Sarah Wigglesworth boxes clever at Cremorne Riverside Centre
The rusting Corten steel-clad boxes of Cremorne Riverside Centre near London’s Battersea Bridge reflect its location — wedged between leisure gardens and post-industrial wasteland. Tony McIntyre reports
You’ll find this building just a little beyond World’s End in south-west London, where the formality of West Brompton and the charm of Cheyne Walk give way to gas works, disused power stations and waste recycling plants. It is in a bizarre little park called Cremorne Gardens, part bedding plants and random tree types enjoyed by the locals, and part public conveniences and abandoned sheds with evident attraction for the local malavita. And where the two meet, on the decaying northern embankment of the Thames, is Sarah Wigglesworth’s Riverside Centre.
For many years, a canoeing club has operated from this site in one of the most deprived parts of the Royal Borough of Kensington & Chelsea using a couple of containers as offices and changing rooms, while boats were stored outside. A disused rubbish hopper had been adapted for use as a rowing tank. Wigglesworth was asked to design an up-to-date centre for use by 30 children, including those with disability. The project was financed by the Big Lottery Fund, with matching funds from the borough.
Now the centre has two buildings, one for boats and offices, the other for changing rooms. Between the two is a generous platform made from a light metal grille, which spans the old rowing tank now filled with the rocks and boulders found on site. The platform is on a level with the top of the retaining wall and gives access to the floating pontoon from which canoes are launched.
The buildings are timber on a steel base with, as you might expect from Wigglesworth, Cumbrian sheep’s wool insulation, a heat exchange unit made possible by the high local water table, and high-quality construction. The roof is EPDM covered with demolition rubble, all of which was kept on site, which is intended to encourage the insect and spider life vital to sustain rare bird species. Although the two buildings are identical in plan, the roofs are complementary shapes: one gently pitched, the other a valley gutter. Internally, the cladding is simple and robust: plywood for offices, OSB within the boathouse, and Trespa panels in changing rooms.
The surprise comes with the external cladding, a screen of Corten steel that gives the two prismatic pavilions something of the appearance of a border crossing checkpoint. There are no shutters: windows stand behind a perforated strip of steel, with holes that look like they were made by a demonstration of precision machine-gunning. The use of a square grid for the holes gives added austerity, although these perforations follow a triangular grid within the changing rooms.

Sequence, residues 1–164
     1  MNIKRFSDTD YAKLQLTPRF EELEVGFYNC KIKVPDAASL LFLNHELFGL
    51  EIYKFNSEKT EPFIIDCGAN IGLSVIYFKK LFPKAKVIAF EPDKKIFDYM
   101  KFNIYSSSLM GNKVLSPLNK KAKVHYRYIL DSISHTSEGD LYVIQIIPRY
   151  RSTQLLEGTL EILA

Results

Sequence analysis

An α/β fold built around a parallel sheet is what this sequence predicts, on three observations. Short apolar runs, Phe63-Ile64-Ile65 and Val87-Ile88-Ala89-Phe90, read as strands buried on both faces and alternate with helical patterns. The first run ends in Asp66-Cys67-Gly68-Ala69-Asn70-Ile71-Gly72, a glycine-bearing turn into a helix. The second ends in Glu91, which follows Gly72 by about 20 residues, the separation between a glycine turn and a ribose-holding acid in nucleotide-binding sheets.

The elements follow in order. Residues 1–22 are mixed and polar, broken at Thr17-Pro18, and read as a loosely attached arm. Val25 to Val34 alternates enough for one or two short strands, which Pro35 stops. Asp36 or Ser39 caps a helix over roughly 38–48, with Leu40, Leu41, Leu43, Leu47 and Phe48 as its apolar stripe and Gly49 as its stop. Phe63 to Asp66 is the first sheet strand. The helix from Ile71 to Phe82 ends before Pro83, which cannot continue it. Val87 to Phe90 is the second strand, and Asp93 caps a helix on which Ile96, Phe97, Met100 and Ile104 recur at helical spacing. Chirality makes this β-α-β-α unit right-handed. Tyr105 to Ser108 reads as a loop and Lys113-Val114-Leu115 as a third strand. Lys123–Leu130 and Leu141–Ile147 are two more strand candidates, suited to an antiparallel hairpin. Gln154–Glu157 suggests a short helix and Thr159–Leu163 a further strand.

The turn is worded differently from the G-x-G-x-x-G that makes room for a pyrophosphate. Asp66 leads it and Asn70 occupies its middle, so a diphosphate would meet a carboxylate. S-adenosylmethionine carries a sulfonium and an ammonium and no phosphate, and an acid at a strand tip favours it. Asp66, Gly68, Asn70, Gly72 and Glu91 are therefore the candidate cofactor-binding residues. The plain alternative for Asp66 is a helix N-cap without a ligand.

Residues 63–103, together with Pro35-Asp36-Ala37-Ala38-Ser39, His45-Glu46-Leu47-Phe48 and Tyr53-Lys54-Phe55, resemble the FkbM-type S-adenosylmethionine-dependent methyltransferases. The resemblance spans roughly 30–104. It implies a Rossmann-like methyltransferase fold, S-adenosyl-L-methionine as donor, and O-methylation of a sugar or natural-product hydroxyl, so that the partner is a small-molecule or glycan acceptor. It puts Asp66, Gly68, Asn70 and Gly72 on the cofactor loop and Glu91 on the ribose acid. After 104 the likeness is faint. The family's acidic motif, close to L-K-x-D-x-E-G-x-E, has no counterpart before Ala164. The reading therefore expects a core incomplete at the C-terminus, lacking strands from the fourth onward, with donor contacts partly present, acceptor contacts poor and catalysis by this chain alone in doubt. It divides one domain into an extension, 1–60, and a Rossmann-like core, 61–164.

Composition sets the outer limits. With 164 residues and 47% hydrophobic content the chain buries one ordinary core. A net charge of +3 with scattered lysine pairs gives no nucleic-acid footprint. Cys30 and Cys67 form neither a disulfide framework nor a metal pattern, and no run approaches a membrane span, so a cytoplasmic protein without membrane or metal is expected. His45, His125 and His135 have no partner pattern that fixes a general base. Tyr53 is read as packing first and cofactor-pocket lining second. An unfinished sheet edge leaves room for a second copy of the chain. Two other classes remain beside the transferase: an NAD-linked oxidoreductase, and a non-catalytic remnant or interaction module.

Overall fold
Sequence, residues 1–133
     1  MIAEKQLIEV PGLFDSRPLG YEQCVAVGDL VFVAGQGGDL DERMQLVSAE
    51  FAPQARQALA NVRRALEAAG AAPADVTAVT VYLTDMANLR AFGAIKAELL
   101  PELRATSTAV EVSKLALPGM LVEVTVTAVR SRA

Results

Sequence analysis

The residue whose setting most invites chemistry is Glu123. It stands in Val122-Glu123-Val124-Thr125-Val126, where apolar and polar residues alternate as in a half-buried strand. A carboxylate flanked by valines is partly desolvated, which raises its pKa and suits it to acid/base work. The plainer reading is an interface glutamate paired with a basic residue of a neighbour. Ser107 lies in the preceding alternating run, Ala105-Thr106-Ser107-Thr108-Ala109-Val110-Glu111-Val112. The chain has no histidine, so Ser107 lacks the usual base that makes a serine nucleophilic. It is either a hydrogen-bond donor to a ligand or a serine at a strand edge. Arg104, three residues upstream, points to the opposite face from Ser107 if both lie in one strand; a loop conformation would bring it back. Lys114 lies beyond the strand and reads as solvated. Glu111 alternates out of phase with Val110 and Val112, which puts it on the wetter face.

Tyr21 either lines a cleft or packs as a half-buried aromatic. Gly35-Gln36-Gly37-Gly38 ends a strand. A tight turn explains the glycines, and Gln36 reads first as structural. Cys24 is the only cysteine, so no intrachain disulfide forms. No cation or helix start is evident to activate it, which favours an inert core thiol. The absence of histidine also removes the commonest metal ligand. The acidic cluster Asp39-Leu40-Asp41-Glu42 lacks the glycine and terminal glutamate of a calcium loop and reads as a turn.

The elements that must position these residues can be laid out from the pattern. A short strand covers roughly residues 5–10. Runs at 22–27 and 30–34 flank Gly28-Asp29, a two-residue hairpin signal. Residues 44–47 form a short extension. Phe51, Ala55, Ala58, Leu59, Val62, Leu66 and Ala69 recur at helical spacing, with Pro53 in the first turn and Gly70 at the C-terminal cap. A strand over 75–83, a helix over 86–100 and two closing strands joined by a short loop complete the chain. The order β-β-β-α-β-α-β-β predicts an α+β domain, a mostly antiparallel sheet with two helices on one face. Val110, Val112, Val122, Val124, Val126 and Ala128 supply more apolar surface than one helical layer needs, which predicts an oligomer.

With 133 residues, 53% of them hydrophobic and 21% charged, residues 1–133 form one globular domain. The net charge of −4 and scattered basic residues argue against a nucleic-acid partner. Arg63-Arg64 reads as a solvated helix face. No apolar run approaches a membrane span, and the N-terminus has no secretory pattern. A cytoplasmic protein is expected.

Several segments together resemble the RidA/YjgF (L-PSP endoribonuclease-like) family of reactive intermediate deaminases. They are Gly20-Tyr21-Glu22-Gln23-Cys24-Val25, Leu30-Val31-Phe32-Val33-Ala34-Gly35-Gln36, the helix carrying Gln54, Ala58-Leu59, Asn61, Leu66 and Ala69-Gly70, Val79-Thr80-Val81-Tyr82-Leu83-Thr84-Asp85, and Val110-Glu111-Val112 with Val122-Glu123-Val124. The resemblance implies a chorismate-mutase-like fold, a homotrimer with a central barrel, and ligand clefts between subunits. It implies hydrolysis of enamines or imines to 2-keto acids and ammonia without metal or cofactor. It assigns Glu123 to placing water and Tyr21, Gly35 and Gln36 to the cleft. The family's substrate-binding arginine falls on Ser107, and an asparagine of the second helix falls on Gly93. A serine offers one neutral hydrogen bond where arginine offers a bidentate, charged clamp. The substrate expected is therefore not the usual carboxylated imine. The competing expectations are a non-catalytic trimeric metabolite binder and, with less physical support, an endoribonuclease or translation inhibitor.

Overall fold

Wigglesworth compares these rusting forms to decaying boat hulls. They bring a sense of heavy industry into this corner of a park that strives towards gentility.
The building may be modest, but the story of its construction is epic. After initial planning and Environment Agency approvals were received in early in 2004, the agency, having gained new powers, took the opportunity of a planning resubmission to demand that the buildings be demountable and removable in case a flood should necessitate repairs to the embankment wall. The building was redesigned, and a method statement for demounting and storing the buildings prepared.
Building work finally began in October 2006. You have to wonder if the Thames did flood whether the careful removal of these little buildings would really be a high priority for the agency. One might even think it would have been simpler to have designed buildings that float. However...
You can look at this building for a long time without running out of things to think about
The real oddity for me is the large unprotected window to the offices, possibly the result of the client refusing to have a perforated Corten panel running across it. Given the steel shield everywhere else, this window looks like a fairground target. How long can it possibly last? And the big bare window has the corresponding effect of infecting the rest of the armour plating, making it seem just a little bit symbolic, which can’t have been the architect’s intention.
But what is hardest to explain is how this modest assembly — the twin boxes and their central platform, a floating “surface” over rocky “seabed” — go beyond ordinary architecture and enter the world of art. Perhaps it is austerity of form and materials, combined with a liveliness in the disposition of the elements, and a certain playfulness.
What is certain is that you can look at this building for a long time without running out of things to think about. And users’ reactions confirm that they have something they like but don’t fully understand when nervous laughter accompanies the comment: “We tell people we used to operate out of a couple of rusty boxes, but that now we have a new building, we operate out of a couple of rusty boxes.”
Opinion: Embracing London's rivers
Cremorne Riverside Centre is one of the projects featured in Waterfront London: Rediscovering the Rivers and Canals of the Capital, an exhibition which opened at New London Architecture this week.
Read NLA exhibition director Peter Murray's explanation of how the Thames and its tributaries are at last being recognised as one of the capital’s greatest resources.
Architect Sarah Wigglesworth Architects, Client Royal Borough of Kensington & Chelsea, Quantity surveyor and planning supervisor Dobson White Boulcott, Structural engineer Jane Wernick Associates, M&E engineer Pearce Associates, Main contractor Gilby Construction
Pictures by Ioana Marinescu